While the solar panel-roofed Blackfriars Railway Bridge may be viewed as the greenest structure to provide passage across the River Thames, another project that recently snagged £30 million in government funding will, once completed, be London's greenest bridge in a true literal sense. After all, what other bridge in the British capital city provides a crucial pedestrian link between the north and south banks and adds to "London's rich and diverse horticultural heritage?”

Topped with a wide variety of flora set against a network of “meandering walkways” that will move pedestrians between the hip South Bank (think art galleries) to the not-so-hip Temple district (think barristers) and beyond, the lushly planted footbridge with a £150 million ($249 million) price tag is envisioned by project mastermind Joanna Lumley — yes, that Joanna Lumley — as being a “floating paradise garden.”

Spanning a planned 1,204 feet across the Thames in a proposed location that’s roughly parallel to the pedestrian-unfriendly Waterloo Bridge, Lumley describes her Garden Bridge as being “a place with no noise or traffic where the only sounds are birdsong and bees buzzing and the wind in the trees, and below the steady rush of water.” The celebrated actress and human rights activist adds: “There will be grasses, trees, wild flowers, and plants, unique to London's natural riverside habitat. I believe it will bring to Londoners and visitors alike peace and beauty and magic."

And while Lumley’s vision for a elevated park in the middle of the city may scream High Line, keep in mind that London’s Garden Bridge is not an adaptive reuse project like New York City’s most bucolic tourist-magnet. This isn't a re-do —a "put a tree on it" move, if you will — of an existing bridge. It will be a newly built work of infrastructure — the first pedestrian corridor spanning the Thames to be built since Norman Foster’s initially vomit-inducing Millennium Bridge opened to the public in 2000 (and then opened again in 2002 after it was closed for two years while the vomit-inducing issues were corrected by engineers).

The core team Garden Bridge team consists of Lumley, architect Thomas Heatherwick (he of the 2012 London Olympics cauldron), consulting firm Arup, and celebrity horticulturist/landscape designer Dan Pearson, who in a great recent interview with Gizmag, explains that he wants pedestrians crossing the proposed bridge to not only feel “sheltered and protected by the plants” but to also “feel the power of nature in the city and be aware of the wildlife sharing this new route across the river with them.”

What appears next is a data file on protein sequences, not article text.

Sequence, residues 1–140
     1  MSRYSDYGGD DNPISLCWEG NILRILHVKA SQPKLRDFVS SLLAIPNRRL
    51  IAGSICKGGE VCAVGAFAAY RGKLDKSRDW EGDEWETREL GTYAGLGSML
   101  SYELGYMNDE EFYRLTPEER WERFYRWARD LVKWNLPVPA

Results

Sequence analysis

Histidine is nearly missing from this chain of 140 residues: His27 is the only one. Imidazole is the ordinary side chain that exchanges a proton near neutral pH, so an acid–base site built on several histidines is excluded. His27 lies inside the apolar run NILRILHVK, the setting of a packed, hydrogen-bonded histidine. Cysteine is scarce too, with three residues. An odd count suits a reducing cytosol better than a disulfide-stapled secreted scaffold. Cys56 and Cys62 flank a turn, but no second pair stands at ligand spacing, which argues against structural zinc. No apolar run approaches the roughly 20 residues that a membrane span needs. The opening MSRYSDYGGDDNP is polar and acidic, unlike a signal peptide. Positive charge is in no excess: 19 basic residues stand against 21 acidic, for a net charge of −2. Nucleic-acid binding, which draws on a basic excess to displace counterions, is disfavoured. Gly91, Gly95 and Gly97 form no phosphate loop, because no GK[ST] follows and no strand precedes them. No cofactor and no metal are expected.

Lord Mervyn Davies — not to be confused with Lord Bryan Davies who called the Garden Bridge a “very expensive piece of public art” and a “vanity project of the mayor” — serves as chairman of the Garden Bridge Trust, a charity that promotes and seeks funding for the project. 

As mentioned, the British government recently pledged £30 million in funding for the project, the same amount committed to by Transport for London (TfL). Additional funding has — and will continue to — come through private donations. With funding going well and a TfL-sponsored public consultation period in the bag, an application for planning consent will be submitted this coming May. If that goes through as expected, construction on the Garden Bridge would kick off as early as 2015. It will take an estimated two years to complete.


Elaborates the TfL consultation page:

The Garden Bridge will integrate a new kind of public space into the fabric of the city, adding to London’s rich and diverse horticultural heritage of heathlands, parks, squares and community gardens.

The Garden Bridge will create new perspectives of the London skyline that are unavailable anywhere else and will be a major new visitor attraction for London. It will be a landmark on the South Bank and North Bank, supporting the development of the surrounding area. This iconic bridge will regenerate these areas, creating new jobs, contributing to the city’s economy and reinforcing London’s status as a ‘world city’.

As noted by The Independent, the idea for a public garden-cum-footbridge spanning the Thames has been kicking around for a while now. Lumley first pitched the concept back in the late 1990s following the death of Princess Diana. However, it wasn’t until the 2012 Summer Olympics that her starry-eyed vision of a magical floating above the Thames— inspired by “memories of the mist-covered mountain gardens of her childhood home in Malaysia” — began to gain serious traction as a feasible project.

When not chain-smoking Rothmans, slugging back Stoli, and slagging around with men half her age on "Absolutely Fabulous" reruns, Lumley, 67, can currently be seen in “The Wolf of Wall Street” putting the moves on Leonardo DiCaprio as "Aunt Emma."

Via [Gizmag], [The Independent], [The Guardian]

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